“When you begin to realize your past only exists in your imagination, you hold the key to transformation.”
The Conscious Mind
When we talk about “thoughts,” we are normally referring to thoughts that seem to come from the so-called conscious mind. I say “so-called” because we rarely conscious of our thoughts. Our conscious thoughts are whatever our mind happens to be thinking at any given moment. For example, your conscious mind is reading and understanding these words. Perhaps you have noticed that your conscious mind can only deal with a few things at the same time.
Since your conscious mind can’t see below the surface, it doesn’t realize it’s only a small part of a whole. The conscious mind is the tip of the iceberg while your subconscious mind which contains the largest part of your consciousness, lies beneath the surface of conscious awareness. You could also think of the conscious mind being similar to the screen of a computer displaying whatever you are focusing on, while the subconsious mind is more like the hard drive where all the files (memories) and applications (habits) are stored.
Because we don’t realize that the subconscious is the source of most of our thoughts, the conscious mind often rebels against the idea that change can happen without its understanding how or why. This can make it difficult to change the way we think and especially the way we behave. The conscious mind wants to change but it doesn’t know how, and it’s reluctant to relinquish control, or more accurately, the illusion of control.
The Subconscious Mind
The subconscious mind encompasses almost everything that’s not conscious. Many desires, beliefs and emotions are subconscious, although often they may be noticed and expressed consciously. Memories, dreams, daydreams, and images, both real and fantastic, live in your subconscious mind. The subconscious is also where your creative resources lie. Normally, most of the information your conscious mind uses to formulate conscious thought is filed away in the subconscious. Think of your phone number right now. Go ahead say it out loud. Where was that phone number before I asked you to recall it? It was stored in the data base of your subconscious..
The important thing to remember about your subconscious mind is that it’s not very skilled at telling the difference between an imagined experience and a real one. For example, think of a lemon right now. In your creative imagination, see, sense, and feel a ripe, yellow, juicy lemon. Now imagine taking a knife and cutting into that lemon. Imagine the citrus aroma. Now imagine taking a piece of that lemon and biting right into it. Feel the sourness of the juice puckering your mouth and smell the lemony aroma as it floods your nostrils. Close your eyes and really do this. If you are like most people, you will notice that your mouth began to salivate as you imagined biting into that lemon! But where is the lemon? It exists solely in your imagination.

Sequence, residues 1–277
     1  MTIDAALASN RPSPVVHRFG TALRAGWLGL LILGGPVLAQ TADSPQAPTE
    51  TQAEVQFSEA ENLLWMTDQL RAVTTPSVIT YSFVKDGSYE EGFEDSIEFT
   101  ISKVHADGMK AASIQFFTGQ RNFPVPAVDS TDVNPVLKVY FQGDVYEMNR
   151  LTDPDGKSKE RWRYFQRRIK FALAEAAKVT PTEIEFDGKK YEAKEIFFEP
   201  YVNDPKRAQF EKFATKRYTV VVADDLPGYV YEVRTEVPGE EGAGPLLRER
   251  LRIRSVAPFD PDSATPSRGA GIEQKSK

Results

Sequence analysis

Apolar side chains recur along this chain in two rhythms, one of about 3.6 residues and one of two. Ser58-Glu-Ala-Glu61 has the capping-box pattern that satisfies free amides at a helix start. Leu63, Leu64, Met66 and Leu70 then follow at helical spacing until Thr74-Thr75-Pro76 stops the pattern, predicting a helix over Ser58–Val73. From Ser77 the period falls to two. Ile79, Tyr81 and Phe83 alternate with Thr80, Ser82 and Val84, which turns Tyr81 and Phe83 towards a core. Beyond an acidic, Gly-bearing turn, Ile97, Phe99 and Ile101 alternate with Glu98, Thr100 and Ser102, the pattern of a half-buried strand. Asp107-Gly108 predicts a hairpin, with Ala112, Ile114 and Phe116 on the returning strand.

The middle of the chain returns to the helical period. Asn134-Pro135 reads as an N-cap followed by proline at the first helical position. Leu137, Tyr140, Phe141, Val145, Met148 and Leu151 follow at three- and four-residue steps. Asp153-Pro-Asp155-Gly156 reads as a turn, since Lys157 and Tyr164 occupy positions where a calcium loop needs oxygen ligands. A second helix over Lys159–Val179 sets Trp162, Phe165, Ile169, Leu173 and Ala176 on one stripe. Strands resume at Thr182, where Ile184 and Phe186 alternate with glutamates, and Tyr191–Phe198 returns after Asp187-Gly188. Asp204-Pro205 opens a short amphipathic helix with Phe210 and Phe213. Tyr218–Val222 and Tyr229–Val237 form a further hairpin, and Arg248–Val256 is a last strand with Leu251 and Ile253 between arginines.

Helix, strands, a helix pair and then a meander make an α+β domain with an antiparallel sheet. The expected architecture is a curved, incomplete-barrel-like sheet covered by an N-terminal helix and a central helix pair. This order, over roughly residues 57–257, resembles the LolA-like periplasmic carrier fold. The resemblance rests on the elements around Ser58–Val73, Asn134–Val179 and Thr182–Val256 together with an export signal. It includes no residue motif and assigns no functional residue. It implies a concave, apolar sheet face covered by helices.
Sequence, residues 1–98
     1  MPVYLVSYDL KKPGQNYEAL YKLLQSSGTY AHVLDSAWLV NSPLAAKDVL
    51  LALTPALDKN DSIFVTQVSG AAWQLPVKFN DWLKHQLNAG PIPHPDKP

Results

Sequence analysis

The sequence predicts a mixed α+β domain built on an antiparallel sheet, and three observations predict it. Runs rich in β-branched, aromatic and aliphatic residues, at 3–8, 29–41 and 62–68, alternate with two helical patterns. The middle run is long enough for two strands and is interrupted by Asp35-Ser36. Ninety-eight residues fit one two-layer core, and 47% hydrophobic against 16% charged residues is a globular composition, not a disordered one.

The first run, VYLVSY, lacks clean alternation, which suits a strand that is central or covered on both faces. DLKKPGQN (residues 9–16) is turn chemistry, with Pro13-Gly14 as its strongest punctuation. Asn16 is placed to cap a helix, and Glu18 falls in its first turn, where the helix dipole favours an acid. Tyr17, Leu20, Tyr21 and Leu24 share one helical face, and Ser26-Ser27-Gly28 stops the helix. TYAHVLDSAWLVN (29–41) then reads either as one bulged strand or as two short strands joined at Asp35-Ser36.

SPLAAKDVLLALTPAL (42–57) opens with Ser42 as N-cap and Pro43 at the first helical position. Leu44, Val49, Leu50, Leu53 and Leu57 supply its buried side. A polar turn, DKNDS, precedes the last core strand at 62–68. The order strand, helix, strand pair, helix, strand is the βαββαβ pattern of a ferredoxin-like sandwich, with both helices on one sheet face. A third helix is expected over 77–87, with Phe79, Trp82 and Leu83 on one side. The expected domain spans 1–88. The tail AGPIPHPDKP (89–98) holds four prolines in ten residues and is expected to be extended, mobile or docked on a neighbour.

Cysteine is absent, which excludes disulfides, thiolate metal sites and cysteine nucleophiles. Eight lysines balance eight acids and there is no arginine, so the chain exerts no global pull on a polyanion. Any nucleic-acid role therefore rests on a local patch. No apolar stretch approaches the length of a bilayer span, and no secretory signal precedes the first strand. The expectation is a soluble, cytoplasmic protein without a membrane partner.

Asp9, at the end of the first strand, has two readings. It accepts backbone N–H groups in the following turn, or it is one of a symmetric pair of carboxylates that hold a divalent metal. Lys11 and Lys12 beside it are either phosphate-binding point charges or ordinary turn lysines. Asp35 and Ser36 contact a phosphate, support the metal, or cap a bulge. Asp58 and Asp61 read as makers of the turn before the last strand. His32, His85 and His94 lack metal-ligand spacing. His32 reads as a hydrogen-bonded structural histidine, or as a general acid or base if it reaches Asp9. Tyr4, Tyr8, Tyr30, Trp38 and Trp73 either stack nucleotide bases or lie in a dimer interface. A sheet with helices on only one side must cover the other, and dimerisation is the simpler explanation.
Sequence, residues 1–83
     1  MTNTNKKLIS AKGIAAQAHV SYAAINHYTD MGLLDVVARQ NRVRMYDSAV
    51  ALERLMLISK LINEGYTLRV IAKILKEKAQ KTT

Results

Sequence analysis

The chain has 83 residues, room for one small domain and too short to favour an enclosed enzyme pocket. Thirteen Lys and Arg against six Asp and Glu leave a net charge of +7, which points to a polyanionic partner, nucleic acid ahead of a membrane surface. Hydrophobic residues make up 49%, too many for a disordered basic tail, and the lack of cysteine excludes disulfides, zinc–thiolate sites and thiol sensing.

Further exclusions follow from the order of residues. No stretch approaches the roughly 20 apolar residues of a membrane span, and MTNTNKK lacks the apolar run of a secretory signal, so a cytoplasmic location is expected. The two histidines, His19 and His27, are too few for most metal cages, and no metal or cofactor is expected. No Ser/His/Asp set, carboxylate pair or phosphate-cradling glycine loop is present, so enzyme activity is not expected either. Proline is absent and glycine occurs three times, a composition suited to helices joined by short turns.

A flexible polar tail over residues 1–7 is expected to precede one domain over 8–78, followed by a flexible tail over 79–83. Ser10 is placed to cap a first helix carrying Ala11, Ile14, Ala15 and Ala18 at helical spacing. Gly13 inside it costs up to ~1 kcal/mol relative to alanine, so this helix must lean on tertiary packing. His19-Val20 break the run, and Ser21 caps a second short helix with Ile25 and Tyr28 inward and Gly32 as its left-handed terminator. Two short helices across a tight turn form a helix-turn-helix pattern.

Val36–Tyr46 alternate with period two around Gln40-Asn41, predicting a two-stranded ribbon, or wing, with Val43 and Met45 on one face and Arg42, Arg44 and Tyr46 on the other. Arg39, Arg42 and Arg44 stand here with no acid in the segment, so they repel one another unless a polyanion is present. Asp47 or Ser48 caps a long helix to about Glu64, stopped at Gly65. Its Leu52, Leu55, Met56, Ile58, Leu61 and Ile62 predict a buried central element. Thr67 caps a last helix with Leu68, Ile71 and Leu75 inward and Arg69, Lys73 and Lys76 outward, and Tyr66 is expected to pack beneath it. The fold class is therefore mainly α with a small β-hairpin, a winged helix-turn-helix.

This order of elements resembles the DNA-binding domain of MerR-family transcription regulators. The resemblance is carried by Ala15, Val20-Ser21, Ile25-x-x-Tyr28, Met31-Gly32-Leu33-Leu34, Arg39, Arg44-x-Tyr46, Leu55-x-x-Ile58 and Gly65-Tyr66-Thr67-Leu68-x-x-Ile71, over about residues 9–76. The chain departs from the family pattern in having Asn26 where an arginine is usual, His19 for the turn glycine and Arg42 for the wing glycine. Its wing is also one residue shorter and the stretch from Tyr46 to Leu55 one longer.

Your Imaginary Past
Your subconscious mind learns things in two primary ways: intensity and repetition. It learns best through a combination of both. One of the reasons you were able to salivate as you bit into an imaginary lemon is because the first time you bit into an actual lemon it was an intense experience. And if you repeated that experience, it was intense each time.
Remember some other intense experiences from your life and notice the way your physiology responds. Think of your first kiss, maybe. Or remember a recent argument and notice that you may be feeling just a little more upset than you did before I reminded you. Yet just like the lemon, that argument now only exists in your imagination. When looked at from this perspective, your entire past is imaginary!
When you begin to realize your past only exists in your imagination, you hold the key to transformation. This is why the present moment is so powerful. Much like that lemon, the thoughts that are “running” you in any given moment are just an imaginary “rerun.”
If for just one moment you stop rerunning your past your awareness will be free to experience what’s actually happening in the present moment. There you may discover that the real you is much more vast than the rag-tag collection of reruns that up until now you’ve thought was who you are. The real you is so much more powerful than your personal history.